Dare To Reach A Full Stop!

all-those-in-favourBusiness meetings are often a bore.

Why?

Because they become completely devoid of energy.

The energy we have in our bodies depends mostly on something very simple.

Intake of oxygen.

If we don’t take oxygen in, our voices, our words, our presence, our impact upon other, and even our ability to think will all suffer. (And actually, pretty soon we also die.)

But we cannot take oxygen in properly – deep into the lowest parts of our lungs – if we do not pause.

Which is why ‘Dare To Reach A Full Stop’ is a favourite mantra of mine when I’m helping people with presentations.

Most presenters seem to think that words-wise, More is More – and that all full stops should be banned.

So they never, ever pause for breath.

Even when they’re speaking slowly, they’re usually filling the gaps with verbal tics like ums and ers – because they are TERRIFIED of silence.

And that’s because silence is powerful. (More on that in future articles.)

So if you could learn to make a friend of the pause, rather than being terrified of it, you’d have a powerful tool to use in your presentations.

Pausing allows you, the speaker, to take a BREATH.

Yet many businesspeople behave as if there’s no room for breathing spaces anywhere in their lives. They rush from one meeting to the next, from one task to the next, from one sentence to the next…

My colleague Tim Stockil (Ci: Creative intelligence) often points out that in the English language, ‘Inspiration’ literally means breath.

When we breathe in, not only do we do what’s physiologically necessary to give us energy and keep us alive, we also inspire ourselves with thought.

Ever heard someone gasp with a sharp intake of breath as an idea suddenly hits them?

Your body reacts to a new thought just as much as your mind – and you then need to ‘Express’ it: literally to ‘press out’ the idea from the body.

If you won’t allow your body to breathe, the continuous cycle of inspiration followed by expression has no room to take place.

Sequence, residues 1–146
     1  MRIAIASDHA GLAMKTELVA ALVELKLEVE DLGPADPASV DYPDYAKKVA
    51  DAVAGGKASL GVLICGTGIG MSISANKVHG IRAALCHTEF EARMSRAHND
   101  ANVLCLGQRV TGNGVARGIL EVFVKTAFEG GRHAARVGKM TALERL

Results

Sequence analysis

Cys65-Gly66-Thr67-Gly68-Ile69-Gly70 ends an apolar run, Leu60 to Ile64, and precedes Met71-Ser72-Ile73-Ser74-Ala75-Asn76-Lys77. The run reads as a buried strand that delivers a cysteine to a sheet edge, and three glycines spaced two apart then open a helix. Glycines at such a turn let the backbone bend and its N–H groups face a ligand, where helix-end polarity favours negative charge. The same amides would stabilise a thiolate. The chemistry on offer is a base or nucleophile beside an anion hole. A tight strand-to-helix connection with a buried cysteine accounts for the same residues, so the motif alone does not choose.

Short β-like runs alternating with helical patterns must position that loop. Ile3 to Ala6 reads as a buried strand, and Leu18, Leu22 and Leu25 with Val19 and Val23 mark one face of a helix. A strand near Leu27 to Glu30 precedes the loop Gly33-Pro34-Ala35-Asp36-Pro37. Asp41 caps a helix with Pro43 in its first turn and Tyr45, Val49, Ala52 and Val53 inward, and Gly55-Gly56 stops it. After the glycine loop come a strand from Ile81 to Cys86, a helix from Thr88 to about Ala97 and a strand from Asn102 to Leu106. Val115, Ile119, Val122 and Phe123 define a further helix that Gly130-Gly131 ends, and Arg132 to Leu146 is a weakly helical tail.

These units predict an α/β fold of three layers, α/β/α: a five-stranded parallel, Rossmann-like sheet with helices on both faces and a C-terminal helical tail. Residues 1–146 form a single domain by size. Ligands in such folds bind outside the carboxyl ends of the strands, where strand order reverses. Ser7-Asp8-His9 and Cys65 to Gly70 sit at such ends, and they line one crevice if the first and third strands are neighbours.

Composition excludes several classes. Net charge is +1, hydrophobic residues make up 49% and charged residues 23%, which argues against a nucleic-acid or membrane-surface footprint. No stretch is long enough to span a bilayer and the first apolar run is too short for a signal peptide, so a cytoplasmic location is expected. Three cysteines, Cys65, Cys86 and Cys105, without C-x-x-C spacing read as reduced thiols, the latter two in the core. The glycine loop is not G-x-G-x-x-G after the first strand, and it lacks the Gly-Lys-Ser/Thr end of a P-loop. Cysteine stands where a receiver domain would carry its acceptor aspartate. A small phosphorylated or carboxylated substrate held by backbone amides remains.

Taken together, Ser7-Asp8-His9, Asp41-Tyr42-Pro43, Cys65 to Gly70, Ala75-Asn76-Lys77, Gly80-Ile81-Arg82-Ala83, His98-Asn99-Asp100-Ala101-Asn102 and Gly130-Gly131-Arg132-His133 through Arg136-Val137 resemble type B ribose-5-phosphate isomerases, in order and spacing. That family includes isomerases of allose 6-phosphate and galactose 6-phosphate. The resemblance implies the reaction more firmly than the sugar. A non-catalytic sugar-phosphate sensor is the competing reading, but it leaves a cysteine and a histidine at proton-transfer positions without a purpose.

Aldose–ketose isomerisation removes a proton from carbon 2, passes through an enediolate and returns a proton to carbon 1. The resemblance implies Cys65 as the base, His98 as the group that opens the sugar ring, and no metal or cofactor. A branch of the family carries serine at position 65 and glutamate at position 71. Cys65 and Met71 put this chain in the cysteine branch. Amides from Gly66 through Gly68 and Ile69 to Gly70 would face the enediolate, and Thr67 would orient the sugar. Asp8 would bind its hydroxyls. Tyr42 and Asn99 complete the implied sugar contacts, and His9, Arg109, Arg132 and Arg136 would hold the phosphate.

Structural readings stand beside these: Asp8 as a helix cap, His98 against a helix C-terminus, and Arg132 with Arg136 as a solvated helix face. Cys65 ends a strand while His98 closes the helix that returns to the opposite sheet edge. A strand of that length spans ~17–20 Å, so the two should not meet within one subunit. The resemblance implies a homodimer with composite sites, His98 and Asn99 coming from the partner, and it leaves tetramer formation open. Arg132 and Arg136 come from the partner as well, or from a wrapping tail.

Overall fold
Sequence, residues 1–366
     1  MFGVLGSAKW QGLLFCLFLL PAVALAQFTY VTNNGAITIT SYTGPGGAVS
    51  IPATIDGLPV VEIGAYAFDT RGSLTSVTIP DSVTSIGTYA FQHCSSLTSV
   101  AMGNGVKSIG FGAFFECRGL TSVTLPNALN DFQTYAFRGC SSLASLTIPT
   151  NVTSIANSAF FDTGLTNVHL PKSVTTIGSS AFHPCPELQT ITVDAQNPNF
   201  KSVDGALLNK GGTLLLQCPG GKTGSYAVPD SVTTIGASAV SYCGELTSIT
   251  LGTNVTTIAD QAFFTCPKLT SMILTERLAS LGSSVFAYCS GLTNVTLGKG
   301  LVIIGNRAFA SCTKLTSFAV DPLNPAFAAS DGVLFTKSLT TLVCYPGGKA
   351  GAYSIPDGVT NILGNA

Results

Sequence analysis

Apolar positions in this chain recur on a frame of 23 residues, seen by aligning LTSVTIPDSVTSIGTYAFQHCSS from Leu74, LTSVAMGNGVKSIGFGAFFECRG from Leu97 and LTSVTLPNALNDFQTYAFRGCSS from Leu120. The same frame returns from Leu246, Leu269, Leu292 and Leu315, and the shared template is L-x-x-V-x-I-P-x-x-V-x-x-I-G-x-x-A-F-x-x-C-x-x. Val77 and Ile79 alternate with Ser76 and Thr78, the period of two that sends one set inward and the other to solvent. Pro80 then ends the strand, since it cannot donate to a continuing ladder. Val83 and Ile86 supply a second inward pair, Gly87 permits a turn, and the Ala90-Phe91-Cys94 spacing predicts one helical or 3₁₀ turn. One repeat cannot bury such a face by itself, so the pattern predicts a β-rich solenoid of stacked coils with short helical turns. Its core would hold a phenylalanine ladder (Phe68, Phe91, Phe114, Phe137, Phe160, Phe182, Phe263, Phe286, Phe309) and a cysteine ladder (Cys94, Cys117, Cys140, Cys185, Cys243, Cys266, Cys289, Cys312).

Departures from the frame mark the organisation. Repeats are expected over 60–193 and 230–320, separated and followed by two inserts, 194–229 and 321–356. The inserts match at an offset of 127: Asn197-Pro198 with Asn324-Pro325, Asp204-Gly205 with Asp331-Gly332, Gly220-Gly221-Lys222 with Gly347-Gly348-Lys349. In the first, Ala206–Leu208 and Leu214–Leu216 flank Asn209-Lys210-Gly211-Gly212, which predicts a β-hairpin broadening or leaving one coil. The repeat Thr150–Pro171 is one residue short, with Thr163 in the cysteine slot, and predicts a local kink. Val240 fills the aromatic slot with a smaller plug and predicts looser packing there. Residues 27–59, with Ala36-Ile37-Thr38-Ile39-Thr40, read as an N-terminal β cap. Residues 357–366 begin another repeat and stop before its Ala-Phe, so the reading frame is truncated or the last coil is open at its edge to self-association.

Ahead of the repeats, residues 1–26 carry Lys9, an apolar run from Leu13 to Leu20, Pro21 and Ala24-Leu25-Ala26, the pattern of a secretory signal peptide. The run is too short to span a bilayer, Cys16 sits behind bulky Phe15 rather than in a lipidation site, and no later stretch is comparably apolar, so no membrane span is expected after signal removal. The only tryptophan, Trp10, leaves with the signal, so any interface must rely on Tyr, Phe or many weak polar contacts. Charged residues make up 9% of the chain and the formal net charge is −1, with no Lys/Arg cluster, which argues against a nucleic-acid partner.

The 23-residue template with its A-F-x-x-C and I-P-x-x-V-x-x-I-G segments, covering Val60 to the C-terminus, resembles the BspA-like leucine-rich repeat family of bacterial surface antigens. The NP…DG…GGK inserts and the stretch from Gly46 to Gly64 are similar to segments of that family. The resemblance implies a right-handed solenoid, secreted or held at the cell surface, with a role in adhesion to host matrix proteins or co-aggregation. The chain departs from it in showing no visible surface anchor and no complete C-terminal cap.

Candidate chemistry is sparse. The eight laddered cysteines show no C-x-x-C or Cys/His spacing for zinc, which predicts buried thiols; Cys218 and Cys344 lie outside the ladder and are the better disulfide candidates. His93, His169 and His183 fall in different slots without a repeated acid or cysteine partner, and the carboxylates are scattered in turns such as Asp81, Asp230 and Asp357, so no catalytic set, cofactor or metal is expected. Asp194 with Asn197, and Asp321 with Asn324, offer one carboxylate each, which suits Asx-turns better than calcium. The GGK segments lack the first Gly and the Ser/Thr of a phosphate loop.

Pausing isn’t just for your own benefit, it’s also for the benefit of your audience. It gives them time to absorb whatever you just said.

Most of us don’t actually talk in proper sentences.

We talk in ‘units of thought’. One idea, followed by another, then another.

You need to carry your audience along with you through each unit – because if you don’t, they’ll be several jumps behind you, struggling to grasp a point made several seconds ago and missing what you’re currently saying.

And soon they’ll just give up and stop listening altogether.

In conversation, our bodies know when we need a new breath without having to think about it.

But in a formal presentation, nerves and worries get in the way and we block that natural flow of Inspiration and Expression because we suppose that our brains know better than our bodies.

Even when people THINK they’re pausing, they’re usually not.

A pause is:

One…

Two…

Three…

…that long.

At least.

That doesn’t mean…

…however…

…that every few words…

…should be followed…

…by a pause.

You can have too much of a good thing, and pauses stuck between every few words for the sake of it quickly become monotonous – because they do nothing to sustain the sense of what you’re saying.

The breath inspires the thought, then supports the voice, and the words, and the sense of the message – so that everything works together.

If you get it right, you flow.

Flow means the rhythm is right.

Your audience is carried along with you in a forward momentum, not stuck in a monotonous round like, well, a stuck record which will pretty soon make audiences… switch off.

So a pause has to be the right length, and it has to be energised.

There’s a big difference between an energised pause and an empty silence – and audiences instinctively recognise it.

An energised pause is the sort we liked in stories when we were children. I had a book when I was little called Ant and Bee, and you had to turn every new page to find out where the next bit of the story was leading:

“…Ant stopped playing because he was called by (turn the page to see the next picture)

BEE!”

“Bee called Ant to come home to their… (turn the page to see the next picture)

CUP!”

“The cup was a nice home. … Their friend was called Kind… (turn the page to see the next picture)…

DOG!”

Each of those pauses is energised – sort of like a ski jump that keeps your audience in suspense and then lands them on the main point along with you.

An empty silence, on the other hand, is the sort of grinding to a halt that tells us something’s gone wrong. We instantly know that the presenter has lost the plot – and we get anxious for that presenter, willing it to be over for all our sakes.

That’s the kind of silence that most presenters dread – which is why they rush on through what they have to say so that (they think) they’ve eliminated all chance of an embarrassed silence.

Which isn’t true, and certainly isn’t helping the message get across.

Instead, next time you think you’ve forgotten what comes next, try simply to PAUSE and BREATHE.

The chances are that the point you thought had escaped you will arrive after all – on your breath.

Your next piece of Inspiration.

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